MR. BORUFF: We didn't feel like we wanted to come back to the Commissioner or the Executive Director every time we wanted to negotiate something like that. I will say that on any of these very sensitive negotiations or issues, we certainly are keeping the Executive Director in the loop, and he is doing the same with the Commission. So we felt like it was best to keep these as guidelines. We wanted to be sure that you all understood that and supported that. And that is one of the reasons for the briefing today.

COMMISSIONER BIVINS: Good. And I think that to express this on the public record is what we are trying to get accomplished here, that they are guidelines. They are not set in stone numbers that we are applying across the state.

COMMISSIONER DUGGINS: Well, I don't read it as a ‑‑ I am looking at it. The pages aren't numbered. But under the section draft for utilities and permits. They need to have the fee schedule on the next page. If you look at the damage assessment for a new easement, ten-foot electric lines, you say $100 minimum. But it says $5 a rod. You may mean $5 rod minimum, but somebody could be cantankerous and say that is the stated price.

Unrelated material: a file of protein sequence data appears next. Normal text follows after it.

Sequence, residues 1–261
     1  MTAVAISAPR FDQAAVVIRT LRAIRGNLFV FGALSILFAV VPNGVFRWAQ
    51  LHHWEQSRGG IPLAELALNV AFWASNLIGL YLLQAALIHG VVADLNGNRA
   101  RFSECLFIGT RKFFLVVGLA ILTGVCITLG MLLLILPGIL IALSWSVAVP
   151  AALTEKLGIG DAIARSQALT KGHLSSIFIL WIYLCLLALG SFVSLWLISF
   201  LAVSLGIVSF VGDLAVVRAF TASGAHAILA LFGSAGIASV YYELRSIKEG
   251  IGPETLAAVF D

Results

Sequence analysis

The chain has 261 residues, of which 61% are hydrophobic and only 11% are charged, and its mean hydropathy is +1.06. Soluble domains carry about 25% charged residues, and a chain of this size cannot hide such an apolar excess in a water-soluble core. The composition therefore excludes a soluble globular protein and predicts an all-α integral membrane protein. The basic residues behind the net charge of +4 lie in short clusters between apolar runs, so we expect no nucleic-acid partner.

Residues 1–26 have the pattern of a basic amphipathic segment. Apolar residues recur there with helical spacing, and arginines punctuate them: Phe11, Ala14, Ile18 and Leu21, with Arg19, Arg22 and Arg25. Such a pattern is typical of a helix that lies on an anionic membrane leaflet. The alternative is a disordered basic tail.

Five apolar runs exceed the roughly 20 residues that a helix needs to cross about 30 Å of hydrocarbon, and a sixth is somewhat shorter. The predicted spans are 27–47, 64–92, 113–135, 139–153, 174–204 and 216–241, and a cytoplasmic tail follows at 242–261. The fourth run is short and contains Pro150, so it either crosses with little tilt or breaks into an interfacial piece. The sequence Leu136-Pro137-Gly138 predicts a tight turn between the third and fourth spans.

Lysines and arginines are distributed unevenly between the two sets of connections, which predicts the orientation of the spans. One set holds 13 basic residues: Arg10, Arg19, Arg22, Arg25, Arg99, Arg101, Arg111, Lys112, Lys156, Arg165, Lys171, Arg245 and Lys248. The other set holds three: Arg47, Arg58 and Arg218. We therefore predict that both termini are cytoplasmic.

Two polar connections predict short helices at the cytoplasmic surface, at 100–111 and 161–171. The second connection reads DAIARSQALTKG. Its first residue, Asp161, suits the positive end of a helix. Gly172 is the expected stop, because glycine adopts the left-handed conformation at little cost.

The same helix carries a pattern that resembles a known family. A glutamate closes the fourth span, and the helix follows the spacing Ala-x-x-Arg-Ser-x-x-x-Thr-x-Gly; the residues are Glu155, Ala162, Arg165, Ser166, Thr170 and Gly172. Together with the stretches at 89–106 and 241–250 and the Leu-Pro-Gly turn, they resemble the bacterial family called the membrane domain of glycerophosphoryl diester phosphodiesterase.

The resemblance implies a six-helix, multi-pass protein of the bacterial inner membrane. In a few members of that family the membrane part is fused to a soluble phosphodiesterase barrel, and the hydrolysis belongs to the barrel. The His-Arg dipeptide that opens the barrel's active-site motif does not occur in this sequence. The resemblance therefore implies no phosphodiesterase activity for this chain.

MR. HOLLINGSWORTH: Well, it says at the top of the chart, utility minimum damage and fee schedule.

COMMISSIONER DUGGINS: Okay. I think you should clarify it if we are going to do this, somehow note that in a footnote, or in the whole schedule, that all of these numbers are the minimum that have to be paid so there can be nobody raising the question with you that it is a minimum on one side, but not on the other. But then I come back to the notion of why, on the last, in that same section under television cable, we say, whatever the market will bear. It seems to me that is what we ought to be getting on all of these. I understand your point of having a minimum, but why we single out television cable and say whatever the market will bear ‑‑

MR. HOLLINGSWORTH: Well, because historically, if a television cable services six downstream customers, or if it services 6,000 downstream customer, it makes a profound difference in what the market will bear, more so than with, if you have 132-kilovolt high line, you know that that's got a large number of downstream customers. And that one in particular has just proven to be very awkward, because of how variable it is.